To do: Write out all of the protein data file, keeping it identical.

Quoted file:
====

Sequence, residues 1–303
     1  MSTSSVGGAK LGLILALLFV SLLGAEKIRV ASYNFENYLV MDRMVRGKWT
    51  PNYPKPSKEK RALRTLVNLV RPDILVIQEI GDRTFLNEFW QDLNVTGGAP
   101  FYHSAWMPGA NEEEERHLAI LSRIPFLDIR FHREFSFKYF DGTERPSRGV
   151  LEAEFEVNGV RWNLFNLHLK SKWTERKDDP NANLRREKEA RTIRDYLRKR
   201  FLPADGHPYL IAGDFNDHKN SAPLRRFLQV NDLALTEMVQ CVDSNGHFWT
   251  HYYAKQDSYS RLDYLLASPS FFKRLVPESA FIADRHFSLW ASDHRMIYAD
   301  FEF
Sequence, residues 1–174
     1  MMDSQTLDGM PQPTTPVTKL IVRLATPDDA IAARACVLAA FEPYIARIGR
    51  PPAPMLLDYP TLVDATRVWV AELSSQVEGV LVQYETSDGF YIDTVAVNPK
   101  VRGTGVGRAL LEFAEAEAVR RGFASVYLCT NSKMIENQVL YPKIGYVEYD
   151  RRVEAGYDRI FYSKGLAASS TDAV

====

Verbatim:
Sequence, residues 1–303
     1  MSTSSVGGAK LGLILALLFV SLLGAEKIRV ASYNFENYLV MDRMVRGKWT
    51  PNYPKPSKEK RALRTLVNLV RPDILVIQEI GDRTFLNEFW QDLNVTGGAP
   101  FYHSAWMPGA NEEEERHLAI LSRIPFLDIR FHREFSFKYF DGTERPSRGV
   151  LEAEFEVNGV RWNLFNLHLK SKWTERKDDP NANLRREKEA RTIRDYLRKR
   201  FLPADGHPYL IAGDFNDHKN SAPLRRFLQV NDLALTEMVQ CVDSNGHFWT
   251  HYYAKQDSYS RLDYLLASPS FFKRLVPESA FIADRHFSLW ASDHRMIYAD
   301  FEF
Sequence, residues 1–174
     1  MMDSQTLDGM PQPTTPVTKL IVRLATPDDA IAARACVLAA FEPYIARIGR
    51  PPAPMLLDYP TLVDATRVWV AELSSQVEGV LVQYETSDGF YIDTVAVNPK
   101  VRGTGVGRAL LEFAEAEAVR RGFASVYLCT NSKMIENQVL YPKIGYVEYD
   151  RRVEAGYDRI FYSKGLAASS TDAV